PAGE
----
Videos

When Teens Lose Trust in Their Teachers

January 2018

ORLANDO, Fla. (Ivanhoe Newswire) — A new set of studies from the University of Texas at Austin, Columbia University, and Stanford University finds that some minority students who mistrust school authorities during the middle school years may disengage from school, and this can lead to a ripple effect of school and discipline problems.

Is your child losing interest in school? A new set of longitudinal studies might explain why. In one of the studies, 277 white and African-American students were surveyed and followed from sixth grade to college entry. The study found that through middle school, some African-American students perceived more bias in how schools disciplined students and lost more trust than their white peers. Similar results were reported in a second survey of 206 Latino and white students. The unfair treatment minority students perceived may have undermined their trust that all students would be treated fairly, and may explain why they were more likely to get into trouble at school and less likely to enroll in a four-year college.

As schools consider ways to ensure fair treatment, one study found a gesture of trust and respect could go a long way toward keeping kids engaged. In a study of 88 seventh grade African-American and white students, 25 percent of the students received a hand-written note from their teacher that implied the teacher believed in them. The African-American students who received the note had fewer disciplinary incidents and were more likely to go to college than their peers who did not receive a hand-written note.

The authors of the studies suggest that for white students a loss of trust or a poor relationship with a teacher might be only a temporary setback, and that teacher trust and respect was not a predictor of college entry for white students as it was for minority students.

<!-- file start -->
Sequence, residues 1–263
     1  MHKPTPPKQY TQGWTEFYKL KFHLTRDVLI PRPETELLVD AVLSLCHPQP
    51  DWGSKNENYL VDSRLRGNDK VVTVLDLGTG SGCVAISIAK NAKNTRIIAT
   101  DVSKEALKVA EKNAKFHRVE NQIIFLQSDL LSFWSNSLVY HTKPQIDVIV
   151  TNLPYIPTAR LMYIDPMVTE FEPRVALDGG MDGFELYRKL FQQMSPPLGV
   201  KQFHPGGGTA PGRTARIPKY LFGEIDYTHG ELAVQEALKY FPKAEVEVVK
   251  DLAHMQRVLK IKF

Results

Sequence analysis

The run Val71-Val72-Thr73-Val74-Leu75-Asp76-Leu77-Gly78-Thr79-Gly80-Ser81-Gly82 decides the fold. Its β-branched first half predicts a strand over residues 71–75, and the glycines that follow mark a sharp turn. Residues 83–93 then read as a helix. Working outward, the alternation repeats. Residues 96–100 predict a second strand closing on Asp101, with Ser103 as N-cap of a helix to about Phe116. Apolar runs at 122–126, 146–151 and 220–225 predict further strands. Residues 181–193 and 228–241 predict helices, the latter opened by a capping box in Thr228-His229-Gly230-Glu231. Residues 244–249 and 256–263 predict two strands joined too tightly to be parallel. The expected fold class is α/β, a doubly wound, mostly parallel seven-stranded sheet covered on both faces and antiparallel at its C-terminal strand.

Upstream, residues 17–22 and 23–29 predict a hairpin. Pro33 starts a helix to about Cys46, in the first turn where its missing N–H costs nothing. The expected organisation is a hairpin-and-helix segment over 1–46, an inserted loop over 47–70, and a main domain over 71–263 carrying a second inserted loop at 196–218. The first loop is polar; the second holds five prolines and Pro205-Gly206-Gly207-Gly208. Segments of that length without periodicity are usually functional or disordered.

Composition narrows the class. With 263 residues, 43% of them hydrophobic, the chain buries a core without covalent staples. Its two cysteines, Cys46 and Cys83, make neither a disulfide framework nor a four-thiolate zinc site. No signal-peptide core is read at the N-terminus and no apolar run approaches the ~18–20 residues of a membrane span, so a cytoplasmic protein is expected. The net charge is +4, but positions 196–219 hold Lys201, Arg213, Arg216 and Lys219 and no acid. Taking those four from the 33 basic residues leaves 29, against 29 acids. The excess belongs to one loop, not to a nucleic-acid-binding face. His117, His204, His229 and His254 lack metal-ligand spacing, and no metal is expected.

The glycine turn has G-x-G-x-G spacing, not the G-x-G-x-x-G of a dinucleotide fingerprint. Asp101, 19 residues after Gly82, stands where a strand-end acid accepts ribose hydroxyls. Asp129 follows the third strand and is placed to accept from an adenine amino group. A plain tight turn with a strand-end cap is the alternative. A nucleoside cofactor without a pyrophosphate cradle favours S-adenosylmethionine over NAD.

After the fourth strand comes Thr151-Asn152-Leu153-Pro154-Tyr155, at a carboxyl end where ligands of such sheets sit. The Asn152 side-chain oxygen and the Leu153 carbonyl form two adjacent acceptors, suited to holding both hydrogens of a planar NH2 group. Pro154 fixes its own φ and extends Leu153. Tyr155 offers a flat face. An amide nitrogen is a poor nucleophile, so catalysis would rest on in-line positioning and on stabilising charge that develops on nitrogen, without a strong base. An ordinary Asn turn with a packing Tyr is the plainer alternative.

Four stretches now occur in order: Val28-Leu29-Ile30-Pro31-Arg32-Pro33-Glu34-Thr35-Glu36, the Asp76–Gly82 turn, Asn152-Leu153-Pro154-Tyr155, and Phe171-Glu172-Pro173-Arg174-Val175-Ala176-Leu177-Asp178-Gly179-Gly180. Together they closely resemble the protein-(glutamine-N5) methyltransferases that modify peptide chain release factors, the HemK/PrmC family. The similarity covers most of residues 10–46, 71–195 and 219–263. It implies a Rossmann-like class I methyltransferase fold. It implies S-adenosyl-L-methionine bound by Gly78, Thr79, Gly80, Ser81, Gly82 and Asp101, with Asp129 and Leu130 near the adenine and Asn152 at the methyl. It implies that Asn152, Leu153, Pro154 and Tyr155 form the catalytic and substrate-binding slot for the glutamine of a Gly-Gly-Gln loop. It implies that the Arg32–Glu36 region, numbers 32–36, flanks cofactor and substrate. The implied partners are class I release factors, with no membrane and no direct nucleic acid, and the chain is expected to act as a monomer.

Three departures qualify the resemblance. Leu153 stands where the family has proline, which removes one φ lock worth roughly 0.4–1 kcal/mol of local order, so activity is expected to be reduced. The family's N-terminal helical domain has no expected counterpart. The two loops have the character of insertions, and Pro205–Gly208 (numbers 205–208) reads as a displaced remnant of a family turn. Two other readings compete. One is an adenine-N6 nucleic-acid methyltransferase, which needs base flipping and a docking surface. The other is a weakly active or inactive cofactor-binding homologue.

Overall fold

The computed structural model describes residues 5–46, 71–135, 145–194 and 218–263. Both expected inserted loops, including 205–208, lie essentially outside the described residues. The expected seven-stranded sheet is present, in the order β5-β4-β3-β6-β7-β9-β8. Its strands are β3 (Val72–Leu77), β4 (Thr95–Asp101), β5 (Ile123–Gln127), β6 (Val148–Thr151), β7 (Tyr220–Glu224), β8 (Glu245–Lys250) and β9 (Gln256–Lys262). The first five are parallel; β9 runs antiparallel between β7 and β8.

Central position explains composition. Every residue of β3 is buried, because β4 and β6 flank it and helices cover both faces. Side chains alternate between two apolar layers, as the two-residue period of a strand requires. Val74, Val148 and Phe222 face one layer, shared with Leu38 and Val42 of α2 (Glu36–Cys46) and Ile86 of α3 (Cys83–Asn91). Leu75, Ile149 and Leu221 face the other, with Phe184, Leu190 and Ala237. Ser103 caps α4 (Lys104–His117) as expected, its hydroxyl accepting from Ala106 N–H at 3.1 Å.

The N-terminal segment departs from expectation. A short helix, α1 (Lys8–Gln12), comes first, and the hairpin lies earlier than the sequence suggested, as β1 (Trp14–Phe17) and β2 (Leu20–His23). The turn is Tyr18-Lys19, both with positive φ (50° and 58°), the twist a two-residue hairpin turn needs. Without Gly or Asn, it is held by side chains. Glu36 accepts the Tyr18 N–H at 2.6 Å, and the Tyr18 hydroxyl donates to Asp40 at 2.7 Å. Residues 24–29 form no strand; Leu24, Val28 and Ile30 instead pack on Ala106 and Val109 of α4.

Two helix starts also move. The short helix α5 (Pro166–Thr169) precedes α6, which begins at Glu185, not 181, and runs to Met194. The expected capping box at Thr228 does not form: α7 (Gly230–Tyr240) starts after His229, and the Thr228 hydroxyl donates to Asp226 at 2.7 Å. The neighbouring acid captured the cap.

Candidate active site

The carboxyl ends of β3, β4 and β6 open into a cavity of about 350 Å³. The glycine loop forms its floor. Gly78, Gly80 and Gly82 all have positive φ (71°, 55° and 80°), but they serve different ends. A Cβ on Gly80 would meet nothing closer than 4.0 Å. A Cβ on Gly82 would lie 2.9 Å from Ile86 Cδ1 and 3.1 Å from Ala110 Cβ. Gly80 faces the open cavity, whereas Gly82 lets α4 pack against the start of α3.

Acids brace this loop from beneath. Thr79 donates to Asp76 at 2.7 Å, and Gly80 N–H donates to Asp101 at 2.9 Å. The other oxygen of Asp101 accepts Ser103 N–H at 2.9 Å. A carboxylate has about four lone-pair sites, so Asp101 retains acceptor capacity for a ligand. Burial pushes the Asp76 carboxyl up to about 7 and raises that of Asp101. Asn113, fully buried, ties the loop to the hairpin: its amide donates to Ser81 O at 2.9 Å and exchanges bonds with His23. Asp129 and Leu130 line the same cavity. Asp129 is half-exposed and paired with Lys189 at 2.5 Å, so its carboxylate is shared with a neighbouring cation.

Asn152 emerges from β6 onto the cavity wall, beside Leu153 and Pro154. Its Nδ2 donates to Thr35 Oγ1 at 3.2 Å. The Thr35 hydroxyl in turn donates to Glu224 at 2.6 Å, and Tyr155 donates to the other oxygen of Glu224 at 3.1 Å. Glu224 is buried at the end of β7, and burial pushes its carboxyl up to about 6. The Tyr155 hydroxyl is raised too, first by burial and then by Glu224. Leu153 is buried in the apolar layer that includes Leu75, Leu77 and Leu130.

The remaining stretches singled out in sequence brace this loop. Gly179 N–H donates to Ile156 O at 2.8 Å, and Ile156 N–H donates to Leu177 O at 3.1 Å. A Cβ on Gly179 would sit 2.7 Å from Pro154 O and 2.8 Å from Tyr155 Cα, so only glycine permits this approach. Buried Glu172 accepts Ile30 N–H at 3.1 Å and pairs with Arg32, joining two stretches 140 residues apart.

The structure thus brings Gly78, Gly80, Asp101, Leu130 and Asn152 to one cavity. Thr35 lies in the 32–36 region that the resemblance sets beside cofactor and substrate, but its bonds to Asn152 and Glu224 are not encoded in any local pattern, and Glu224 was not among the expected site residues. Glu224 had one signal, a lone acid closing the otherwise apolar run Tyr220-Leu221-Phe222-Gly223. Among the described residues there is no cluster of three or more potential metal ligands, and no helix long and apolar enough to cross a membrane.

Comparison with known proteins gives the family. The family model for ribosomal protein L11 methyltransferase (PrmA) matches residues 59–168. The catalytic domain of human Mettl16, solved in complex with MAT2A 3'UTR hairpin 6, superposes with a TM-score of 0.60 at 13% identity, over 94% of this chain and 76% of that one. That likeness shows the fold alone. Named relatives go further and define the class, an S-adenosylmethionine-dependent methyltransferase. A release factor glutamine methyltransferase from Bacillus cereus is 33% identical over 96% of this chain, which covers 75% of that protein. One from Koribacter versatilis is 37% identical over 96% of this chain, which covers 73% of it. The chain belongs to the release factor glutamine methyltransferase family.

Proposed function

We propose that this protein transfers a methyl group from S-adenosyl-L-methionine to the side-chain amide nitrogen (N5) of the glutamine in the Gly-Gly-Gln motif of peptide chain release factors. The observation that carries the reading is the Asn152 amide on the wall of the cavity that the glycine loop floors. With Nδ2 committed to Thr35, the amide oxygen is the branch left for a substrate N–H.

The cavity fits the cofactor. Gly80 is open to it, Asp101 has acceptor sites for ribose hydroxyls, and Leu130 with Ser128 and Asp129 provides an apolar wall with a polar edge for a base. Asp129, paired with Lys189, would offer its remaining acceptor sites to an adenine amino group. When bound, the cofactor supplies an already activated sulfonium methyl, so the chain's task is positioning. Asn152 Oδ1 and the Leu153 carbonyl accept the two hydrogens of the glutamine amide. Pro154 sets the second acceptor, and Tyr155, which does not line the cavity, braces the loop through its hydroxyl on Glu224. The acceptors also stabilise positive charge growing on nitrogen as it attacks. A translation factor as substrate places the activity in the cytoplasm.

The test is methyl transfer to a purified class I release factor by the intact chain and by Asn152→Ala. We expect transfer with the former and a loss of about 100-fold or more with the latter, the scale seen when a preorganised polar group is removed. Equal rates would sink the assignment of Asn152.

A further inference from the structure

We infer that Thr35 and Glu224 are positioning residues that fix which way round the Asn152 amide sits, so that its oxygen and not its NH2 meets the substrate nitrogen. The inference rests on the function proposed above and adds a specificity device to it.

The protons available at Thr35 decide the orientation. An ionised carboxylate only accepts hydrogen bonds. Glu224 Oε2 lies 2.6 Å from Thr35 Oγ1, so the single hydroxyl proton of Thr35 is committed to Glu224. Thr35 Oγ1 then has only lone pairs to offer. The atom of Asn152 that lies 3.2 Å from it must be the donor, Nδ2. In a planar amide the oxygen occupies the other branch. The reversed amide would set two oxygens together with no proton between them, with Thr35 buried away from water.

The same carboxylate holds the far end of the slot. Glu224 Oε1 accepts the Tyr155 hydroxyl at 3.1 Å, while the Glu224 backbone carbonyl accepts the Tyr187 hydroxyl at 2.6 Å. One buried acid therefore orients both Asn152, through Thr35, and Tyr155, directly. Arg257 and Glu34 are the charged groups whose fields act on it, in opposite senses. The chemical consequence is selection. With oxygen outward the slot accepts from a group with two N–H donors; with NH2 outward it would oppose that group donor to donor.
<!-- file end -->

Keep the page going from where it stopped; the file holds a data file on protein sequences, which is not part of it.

Contributors to this news report include: Cyndy McGrath, Supervising Producer; Milvionne Chery, Producer; Roque Correa, Editor.

Produced by Child Trends News Service in partnership with Ivanhoe Broadcast News and funded by a grant from the National Science Foundation. 


Spanish Translation

ORLANDO, Fla. (Ivanhoe Newswire) — Un estudio conjunto de las Universidades de Texas en Austin, Columbia y Stanford demuestra que algunos estudiantes minoritarios que desconfían de las autoridades escolares durante la secundaria pueden desconectarse de los estudios, algo que puede traer problemas de conducta y aprendizaje.

¿Su hijo está perdiendo interés en el colegio? Una serie de nuevos estudios pudiera explicar el por que. 277 estudiantes blancos y Afro Americanos participaron en un estudio desde el sexto grado hasta el momento de entrar en la universidad. Se determino que, durante la secundaria, más estudiantes minoritarios se sintieron discriminados y perdieron fe en el sistema que sus compañeros de escuela blancos. En un segundo análisis de 206 estudiantes blancos e Hispanos, los resultados fueron similares. Esta sensación de injusticia que sintieron los estudiantes minoritarios pudiera haberles llevado a perder la confianza en que todos serian tratados por igual, y explicaría por qué eran más propensos a verse en problemas, y había menos probabilidades de que asistieran a una universidad de cuatro años.

Sin embargo, con un poco de estímulo por parte de los maestros, el resultado puede ser muy diferente. En un estudio en que participaron 88 alumnos de séptimo grado blancos y Afro Americanos, un 25 por ciento de los estudiantes recibieron una nota escrita a mano por su profesor, en la que expresaba su confianza en ellos.

Los estudiantes Afro Americanos que recibieron la misiva presentaron menos problemas de disciplina y más probabilidades de llegar a la universidad.

Según los autores del estudio, para los estudiantes blancos, perder la fe en un maestro, o una relación negativa con un profesor puede representar un retraso temporal, y el nivel de confianza y respeto en los maestros no era una guía para su futuro universitario, como en el caso de los estudiantes minoritarios.

Los contribuyentes a este reportaje incluyen: Cyndy McGrath, Supervisora; Milvionne Chery; Productora de Campo; Roque Correa, Editor.

Producido por Child Trends News Service en asocio con Ivanhoe Broadcast News y auspiciado por una beca de la National Science Foundation.